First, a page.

June 3, 2017

“Tell Everyone on this Train I Love Them.”

Tell everyone on this train, I love them.

I’ve never been more deeply moved by eight words. I’ve never heard more beautiful words ever spoken.

When I first read about these words, I couldn’t get them out of my head. They rang even louder, when I happened to glance at the arraignment of Jeremy Christian and saw and heard him speak.

Although I live in Bend, I was in Portland last Friday night. I first learned about the attack the following morning, sitting in a coffee shop downtown. It hit pretty close to home. I first read about from a friend’s Facebook post.

“My friend’s son was killed in a terrorist attack in Portland,” it said.

“Let me say that again,” she wrote. “My friend’s son was killed in a terrorist attack in Portland.” As I sat there drinking my coffee, I was completely shaken by what had happened.

It occurred to me, as I saw a variety of people of different looks, dress, ethnicities come and go, that this attack could have easily happened right there, at any time. On Friday night, I had attended an open mic in Hillsboro at Influence Music Hall, where there were also people of different ethnicities, backgrounds, and ages. This could have happened there as well.

I never had the opportunity to meet Taliesin Myrddin Namkai Meche in person, nor Rick Best, the other victim, but they have been very much on my mind this past week. Particularly, the words that Taliesin shared with Rachel, the lady who helped him and was right there with him in those last moments. He said, “Tell everyone on this train I love them.”

Last night, I discovered that Rachel grew up with a friend who is part of the spiritual community I belong to here in Central Oregon, someone I play music with every Sunday. And not only that, but she is also related to another friend I know from the spiritual community I belonged to in Atlanta, where I lived for 20 years. This is not a coincidence. It’s a perfect example of how we are all connected. We are all in this together. We are all passengers on this train called life.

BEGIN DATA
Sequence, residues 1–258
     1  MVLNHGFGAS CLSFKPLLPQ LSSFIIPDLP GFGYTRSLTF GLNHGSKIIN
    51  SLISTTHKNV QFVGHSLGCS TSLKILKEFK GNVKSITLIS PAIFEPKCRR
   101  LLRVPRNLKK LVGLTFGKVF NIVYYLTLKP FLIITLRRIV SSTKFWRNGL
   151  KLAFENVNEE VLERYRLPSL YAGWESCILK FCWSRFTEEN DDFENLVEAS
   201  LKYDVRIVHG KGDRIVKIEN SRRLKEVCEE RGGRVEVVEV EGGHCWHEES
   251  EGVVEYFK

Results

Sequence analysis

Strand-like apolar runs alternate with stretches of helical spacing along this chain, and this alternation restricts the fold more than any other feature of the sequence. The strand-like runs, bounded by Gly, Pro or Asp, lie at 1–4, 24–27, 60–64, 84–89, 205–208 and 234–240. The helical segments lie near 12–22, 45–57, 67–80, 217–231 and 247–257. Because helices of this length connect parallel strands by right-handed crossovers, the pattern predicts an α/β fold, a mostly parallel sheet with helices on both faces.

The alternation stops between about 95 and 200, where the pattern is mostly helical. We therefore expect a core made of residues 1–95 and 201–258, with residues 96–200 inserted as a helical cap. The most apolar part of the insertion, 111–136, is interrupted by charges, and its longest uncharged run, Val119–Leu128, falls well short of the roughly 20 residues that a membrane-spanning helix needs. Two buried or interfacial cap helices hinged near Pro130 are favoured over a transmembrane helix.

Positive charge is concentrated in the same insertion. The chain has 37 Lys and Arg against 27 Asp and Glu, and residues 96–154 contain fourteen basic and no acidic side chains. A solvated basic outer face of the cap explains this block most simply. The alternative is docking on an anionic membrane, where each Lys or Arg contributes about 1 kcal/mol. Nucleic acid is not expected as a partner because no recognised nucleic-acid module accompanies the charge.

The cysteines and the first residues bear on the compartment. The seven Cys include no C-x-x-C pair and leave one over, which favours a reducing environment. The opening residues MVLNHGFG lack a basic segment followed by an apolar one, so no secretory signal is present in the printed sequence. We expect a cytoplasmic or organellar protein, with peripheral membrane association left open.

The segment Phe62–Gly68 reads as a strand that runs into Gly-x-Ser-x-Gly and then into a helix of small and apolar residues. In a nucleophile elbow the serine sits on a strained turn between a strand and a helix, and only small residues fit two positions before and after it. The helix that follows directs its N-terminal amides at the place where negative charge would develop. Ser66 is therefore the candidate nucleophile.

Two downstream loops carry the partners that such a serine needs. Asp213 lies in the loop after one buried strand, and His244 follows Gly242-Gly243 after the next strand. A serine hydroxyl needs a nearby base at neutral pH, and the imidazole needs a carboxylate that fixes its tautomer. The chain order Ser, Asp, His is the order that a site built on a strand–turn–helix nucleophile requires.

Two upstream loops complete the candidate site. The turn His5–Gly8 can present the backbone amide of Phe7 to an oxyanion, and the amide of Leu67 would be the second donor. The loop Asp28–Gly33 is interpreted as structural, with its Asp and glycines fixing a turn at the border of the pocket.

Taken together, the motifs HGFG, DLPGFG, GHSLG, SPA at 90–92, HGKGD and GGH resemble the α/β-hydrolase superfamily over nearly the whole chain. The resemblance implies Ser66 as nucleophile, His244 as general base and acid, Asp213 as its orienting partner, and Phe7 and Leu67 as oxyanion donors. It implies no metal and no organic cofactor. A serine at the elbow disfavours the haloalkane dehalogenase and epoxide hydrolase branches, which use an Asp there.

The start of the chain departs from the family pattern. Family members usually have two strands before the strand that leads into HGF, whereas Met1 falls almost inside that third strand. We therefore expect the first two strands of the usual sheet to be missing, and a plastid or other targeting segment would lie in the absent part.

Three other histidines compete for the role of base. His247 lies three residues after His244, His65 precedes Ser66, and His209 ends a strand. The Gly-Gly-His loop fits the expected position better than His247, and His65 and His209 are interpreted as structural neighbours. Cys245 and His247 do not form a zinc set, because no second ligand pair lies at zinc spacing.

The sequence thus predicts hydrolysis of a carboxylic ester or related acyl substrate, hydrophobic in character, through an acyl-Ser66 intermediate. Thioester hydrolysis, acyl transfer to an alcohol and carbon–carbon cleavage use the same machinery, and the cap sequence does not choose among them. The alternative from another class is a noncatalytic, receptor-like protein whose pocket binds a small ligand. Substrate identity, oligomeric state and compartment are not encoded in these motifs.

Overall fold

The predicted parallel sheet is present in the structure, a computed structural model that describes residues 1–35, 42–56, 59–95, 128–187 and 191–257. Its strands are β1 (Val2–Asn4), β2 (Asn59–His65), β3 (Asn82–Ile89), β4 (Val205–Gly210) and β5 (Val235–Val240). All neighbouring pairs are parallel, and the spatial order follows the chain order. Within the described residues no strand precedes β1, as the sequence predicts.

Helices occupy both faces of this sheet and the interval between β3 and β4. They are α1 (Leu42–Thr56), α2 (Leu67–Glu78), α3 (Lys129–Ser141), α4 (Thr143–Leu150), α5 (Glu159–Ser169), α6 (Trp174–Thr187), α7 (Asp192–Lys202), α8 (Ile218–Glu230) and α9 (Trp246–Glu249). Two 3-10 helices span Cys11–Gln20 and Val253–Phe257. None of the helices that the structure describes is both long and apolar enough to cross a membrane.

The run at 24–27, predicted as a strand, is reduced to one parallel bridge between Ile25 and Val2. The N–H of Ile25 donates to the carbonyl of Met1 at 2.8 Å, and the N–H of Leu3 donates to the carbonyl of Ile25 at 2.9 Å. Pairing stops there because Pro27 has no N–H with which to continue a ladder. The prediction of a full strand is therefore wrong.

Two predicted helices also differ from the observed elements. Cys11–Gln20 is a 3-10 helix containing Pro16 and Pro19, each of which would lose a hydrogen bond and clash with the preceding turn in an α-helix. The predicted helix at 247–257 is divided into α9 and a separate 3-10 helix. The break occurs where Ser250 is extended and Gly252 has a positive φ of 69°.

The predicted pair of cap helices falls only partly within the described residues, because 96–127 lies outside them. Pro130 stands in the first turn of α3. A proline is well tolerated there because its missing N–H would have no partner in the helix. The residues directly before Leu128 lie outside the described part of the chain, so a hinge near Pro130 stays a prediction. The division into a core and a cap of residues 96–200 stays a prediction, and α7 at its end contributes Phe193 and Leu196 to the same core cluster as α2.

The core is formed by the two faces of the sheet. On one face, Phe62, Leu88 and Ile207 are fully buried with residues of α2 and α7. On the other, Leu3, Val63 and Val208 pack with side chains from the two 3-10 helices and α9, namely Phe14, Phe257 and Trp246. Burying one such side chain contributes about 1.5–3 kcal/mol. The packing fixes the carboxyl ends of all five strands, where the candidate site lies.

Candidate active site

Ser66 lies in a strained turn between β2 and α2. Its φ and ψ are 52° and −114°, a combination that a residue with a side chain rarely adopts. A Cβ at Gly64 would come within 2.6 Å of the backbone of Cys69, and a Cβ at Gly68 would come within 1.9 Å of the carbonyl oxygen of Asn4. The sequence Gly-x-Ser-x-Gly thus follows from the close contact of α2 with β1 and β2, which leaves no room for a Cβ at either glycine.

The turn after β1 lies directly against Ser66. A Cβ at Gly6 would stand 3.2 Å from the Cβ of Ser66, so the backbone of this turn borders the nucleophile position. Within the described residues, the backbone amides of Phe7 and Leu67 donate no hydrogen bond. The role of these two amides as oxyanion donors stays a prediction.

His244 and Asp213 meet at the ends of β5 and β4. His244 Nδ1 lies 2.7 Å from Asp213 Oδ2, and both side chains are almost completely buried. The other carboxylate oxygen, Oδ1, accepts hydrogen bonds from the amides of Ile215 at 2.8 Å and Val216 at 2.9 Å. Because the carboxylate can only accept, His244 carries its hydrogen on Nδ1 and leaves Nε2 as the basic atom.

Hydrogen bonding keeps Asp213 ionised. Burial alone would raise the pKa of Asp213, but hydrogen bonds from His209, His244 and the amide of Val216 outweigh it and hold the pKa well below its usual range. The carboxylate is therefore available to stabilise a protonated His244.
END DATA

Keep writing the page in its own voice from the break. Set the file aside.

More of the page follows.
After much meditation and deep thought on Taliesin’s words and on the events of that night, I wrote the song “On This Train.” Music is the language of love. My hope is that if the world hears this song, they will think of Taliesin’s message and take it to heart.

The loss of their lives breaks my heart. But they are very much alive through their love and spirit that lives on. The outpouring of love from the Portland community—and around the world—is incredibly heartwarming and shows that we can accomplish amazing things when we embrace love.

Muslim, Christian, black, white, gay, straight—we are all on this train together. Even now, I am still deeply moved by this stand for love. I can not be silent. Too often we are silent, and we don’t tell people those words that are so simple, yet so hard to say sometimes. I love you. I love everyone on this train we’re on.

Love can change the world and defeat hate, fear, and evil. Speak out and stand up for love at every opportunity you have. As Martin Luther King Jr. said, “Darkness cannot drive out darkness; only light can do that. Hate cannot drive out hate; only love can do that.”

And as Taliesin Myrddin Namkai Meche said, “Tell everyone on this train, I love them.”




Author: Victor Johnson
Image: CBS News
Editor: Travis May

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